It sounds so good. So…when does all this happen?

If we pay attention to what Jesus says…the answer is “no one knows but God. So keep awake!”

Aw, c’mon!

We don’t even get a hint?

Once again… our impatient human selves are put to the test.

Throughout world history… there have been those who have tried to predict that on “X” date of “Y” year… Jesus Christ will return… and then a certain few of us will be raptured off to heaven. Every single one of those predictions has been wrong… and sometimes that has led to the sad and disastrous consequence of mass suicides by those who thought they were surely going to meet Jesus face to face.

For the original hearers of Matthew’s Gospel… there was an expectation that Jesus would return. Clues that scholars have picked up from the text would lead us to believe that this Gospel was written in the late First Century… about ten or so years after the destruction of the Temple in Jerusalem. And there was a belief among those who had come to follow what was then called “The Way” that Jesus would be back… and would become the center of worship in place of the now-destroyed Temple.

In our impatience… there seems to be a desire to keep seeking someone or something else which will get us to that place called “Heaven.”

And in our rush to get there…I think we miss the real reality of Jesus’ message here in the Gospel.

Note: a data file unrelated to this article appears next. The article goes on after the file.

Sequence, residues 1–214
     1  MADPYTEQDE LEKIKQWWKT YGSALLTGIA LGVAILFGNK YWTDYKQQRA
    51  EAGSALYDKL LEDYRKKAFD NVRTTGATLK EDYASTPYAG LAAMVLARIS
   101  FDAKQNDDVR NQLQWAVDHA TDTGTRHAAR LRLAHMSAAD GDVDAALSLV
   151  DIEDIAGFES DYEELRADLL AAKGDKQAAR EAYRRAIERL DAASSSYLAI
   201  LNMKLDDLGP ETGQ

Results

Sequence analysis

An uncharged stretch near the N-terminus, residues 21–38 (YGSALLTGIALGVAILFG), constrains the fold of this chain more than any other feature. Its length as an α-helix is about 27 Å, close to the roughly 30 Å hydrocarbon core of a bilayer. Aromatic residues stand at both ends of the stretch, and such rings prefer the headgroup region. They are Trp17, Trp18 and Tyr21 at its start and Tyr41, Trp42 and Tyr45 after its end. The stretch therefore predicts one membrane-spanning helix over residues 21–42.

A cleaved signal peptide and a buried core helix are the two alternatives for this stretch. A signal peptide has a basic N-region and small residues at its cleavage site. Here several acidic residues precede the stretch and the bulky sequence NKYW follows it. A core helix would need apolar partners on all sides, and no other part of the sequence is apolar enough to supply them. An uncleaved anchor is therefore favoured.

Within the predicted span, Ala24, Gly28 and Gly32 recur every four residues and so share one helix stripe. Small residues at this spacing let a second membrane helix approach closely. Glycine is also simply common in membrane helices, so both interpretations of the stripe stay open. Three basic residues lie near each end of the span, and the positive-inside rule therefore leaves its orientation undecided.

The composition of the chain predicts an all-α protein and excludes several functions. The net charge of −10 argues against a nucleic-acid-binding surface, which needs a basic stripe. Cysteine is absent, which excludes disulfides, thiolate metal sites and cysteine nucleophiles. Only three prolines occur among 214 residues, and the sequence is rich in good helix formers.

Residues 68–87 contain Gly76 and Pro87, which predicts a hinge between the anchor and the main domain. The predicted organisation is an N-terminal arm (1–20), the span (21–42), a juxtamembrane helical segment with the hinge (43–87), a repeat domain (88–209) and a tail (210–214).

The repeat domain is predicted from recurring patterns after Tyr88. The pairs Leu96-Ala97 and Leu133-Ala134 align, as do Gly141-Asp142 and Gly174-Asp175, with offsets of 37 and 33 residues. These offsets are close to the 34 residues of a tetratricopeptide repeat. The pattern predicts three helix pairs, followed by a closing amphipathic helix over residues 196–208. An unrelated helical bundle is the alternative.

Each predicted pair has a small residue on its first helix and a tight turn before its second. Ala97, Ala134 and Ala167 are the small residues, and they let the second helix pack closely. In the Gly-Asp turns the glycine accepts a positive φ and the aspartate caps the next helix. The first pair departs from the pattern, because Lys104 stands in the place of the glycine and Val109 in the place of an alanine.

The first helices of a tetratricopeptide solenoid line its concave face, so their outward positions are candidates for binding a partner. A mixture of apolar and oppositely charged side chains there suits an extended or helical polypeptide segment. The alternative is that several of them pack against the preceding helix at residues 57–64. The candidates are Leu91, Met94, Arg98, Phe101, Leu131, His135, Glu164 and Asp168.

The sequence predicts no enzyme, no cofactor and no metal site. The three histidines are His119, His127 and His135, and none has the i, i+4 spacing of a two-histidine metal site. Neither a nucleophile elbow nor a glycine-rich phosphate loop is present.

When Jesus beckons us to “keep awake” he’s telling us to raise our consciousness.

To be awake means that we become more aware… and more tuned into the creation around us.

More cognizant of the needs of our community.

More caring of the people in our lives.

In other words…we are to live fully now!

Right now.

Cut through the noise of the world and the smoke and mirrors of materialism and find the real joy of God’s unconditional love NOW.

The more awake we are… the better able we are to be that bright light of Christ for those seeking more love… more kindness… a more compassionate world.

With each week in Advent… the light on our Advent wreath will grow brighter. May we see in each of these candles the potential for our own lights to grow brighter as we anticipate the coming of Christ into the world.

In the name of God…F/S/HS.